Cerebrovascular segmentation from MRA images
There is provided a method of processing a cerebrovascular medical image, the method comprising receiving magnetic resonance angiography (MRA) image associated with a cerebrovascular tissue comprising blood vessels and brain tissues other than blood vessels; segmenting MRA image using a prior appearance model for generating first prior appearance features representing a firstorder prior appearance model and second appearance features representing a secondorder prior appearance model of the cerebrovascular tissue, wherein current appearance model comprises a 3D MarkovGibbs Random Field (MGRF) having a 2D rotational and translational symmetry such that MGRF model is 2D rotation and translation invariant; segmenting MRA image using current appearance model for generating current appearance features distinguishing blood vessels from other brain tissues; adjusting MRA image using first and second prior appearance features and current appearance futures; and generating an enhanced MRA image based on said adjustment. There is also provided a system for doing the same.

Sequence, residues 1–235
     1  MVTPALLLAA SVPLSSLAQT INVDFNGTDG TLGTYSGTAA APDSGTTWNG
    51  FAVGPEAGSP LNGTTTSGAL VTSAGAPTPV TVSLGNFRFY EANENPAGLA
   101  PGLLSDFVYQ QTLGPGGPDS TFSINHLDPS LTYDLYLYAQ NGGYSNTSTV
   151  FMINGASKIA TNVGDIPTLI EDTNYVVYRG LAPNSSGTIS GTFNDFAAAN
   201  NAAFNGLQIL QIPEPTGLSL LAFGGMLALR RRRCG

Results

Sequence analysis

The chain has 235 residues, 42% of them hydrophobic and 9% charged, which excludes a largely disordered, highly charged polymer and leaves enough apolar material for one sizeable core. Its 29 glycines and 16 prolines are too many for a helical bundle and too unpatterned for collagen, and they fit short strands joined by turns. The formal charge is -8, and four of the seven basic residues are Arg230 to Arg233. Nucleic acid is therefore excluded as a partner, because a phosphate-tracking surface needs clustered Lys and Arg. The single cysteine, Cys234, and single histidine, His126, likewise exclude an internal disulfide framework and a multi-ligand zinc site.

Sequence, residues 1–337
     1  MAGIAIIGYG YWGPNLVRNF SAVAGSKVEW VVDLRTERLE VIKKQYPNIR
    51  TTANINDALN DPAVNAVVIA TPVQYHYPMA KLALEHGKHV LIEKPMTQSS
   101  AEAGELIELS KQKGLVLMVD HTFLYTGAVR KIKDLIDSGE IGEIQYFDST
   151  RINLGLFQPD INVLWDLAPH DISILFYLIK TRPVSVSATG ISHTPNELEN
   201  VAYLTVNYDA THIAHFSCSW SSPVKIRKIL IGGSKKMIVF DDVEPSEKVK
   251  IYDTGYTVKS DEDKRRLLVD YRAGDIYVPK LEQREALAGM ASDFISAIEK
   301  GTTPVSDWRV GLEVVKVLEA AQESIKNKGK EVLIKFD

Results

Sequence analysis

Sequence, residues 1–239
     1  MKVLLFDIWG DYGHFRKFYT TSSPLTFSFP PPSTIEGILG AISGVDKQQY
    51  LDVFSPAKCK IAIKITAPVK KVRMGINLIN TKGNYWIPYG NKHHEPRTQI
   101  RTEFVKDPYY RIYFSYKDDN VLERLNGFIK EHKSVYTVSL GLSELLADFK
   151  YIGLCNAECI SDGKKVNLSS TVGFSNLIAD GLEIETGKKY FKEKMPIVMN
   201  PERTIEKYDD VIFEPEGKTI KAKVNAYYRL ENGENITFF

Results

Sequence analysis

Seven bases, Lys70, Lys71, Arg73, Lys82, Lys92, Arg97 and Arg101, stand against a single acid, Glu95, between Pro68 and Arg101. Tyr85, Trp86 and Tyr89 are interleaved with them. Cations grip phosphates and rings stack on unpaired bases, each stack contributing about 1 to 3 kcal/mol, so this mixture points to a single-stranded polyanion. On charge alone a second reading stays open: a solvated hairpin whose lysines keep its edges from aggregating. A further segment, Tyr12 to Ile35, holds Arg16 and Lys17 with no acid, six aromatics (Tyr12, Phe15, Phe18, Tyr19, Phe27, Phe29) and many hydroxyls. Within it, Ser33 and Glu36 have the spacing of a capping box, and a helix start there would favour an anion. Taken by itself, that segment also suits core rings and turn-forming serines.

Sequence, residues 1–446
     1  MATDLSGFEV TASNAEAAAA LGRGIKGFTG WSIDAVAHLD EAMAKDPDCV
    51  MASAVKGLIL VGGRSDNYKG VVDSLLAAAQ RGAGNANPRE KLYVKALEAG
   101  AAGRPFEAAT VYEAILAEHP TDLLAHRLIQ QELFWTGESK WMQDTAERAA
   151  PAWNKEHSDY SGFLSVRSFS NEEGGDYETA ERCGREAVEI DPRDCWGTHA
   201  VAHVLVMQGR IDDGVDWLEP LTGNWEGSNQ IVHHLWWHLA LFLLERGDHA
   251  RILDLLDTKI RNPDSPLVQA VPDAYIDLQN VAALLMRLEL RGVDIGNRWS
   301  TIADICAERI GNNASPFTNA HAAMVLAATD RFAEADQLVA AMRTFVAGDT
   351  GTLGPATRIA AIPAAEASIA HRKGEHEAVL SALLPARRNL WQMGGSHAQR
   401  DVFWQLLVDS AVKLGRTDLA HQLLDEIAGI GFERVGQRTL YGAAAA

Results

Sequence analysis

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The present invention relates to the field of medical diagnostics, and more particularly to a method and system for processing cerebrovascular medical images.
BACKGROUND OF THE INVENTIONIn medicine, there are some diseases that have complicated nature and should be analysed deeply in order to provide the patient with the right treatment. Among these diseases that can lead to death, or disability are the cerebrovascular diseases. These types of diseases commonly occur due to the dysfunction of the blood vessels supplying the brain. There are different kinds of cerebrovascular diseases including aneurysms, strokes, arteriovenous malformation, and carotid stenosis. Haemorrhage, a cerebrovascular disease, is considered a cause for strokes for almost 20% of the cases. Furthermore, cerebrovascular diseases are considered the third leading cause of death and disability. For neurosurgeons, analysing the brain scans manually takes a long time and a lot of effort especially when tracking a small vessel in the orthogonal view in order to be able to get a better picture of the vascular anatomy. With the aid of bioengineers and computer engineers, several computer aided diagnostic (CAD) systems have been developed to analyse cerebrovascular structures, taking into consideration that any CAD system needs accurate segmentation of the cerebrovasculature from the surroundings, and this is the main motivation behind developing our approach.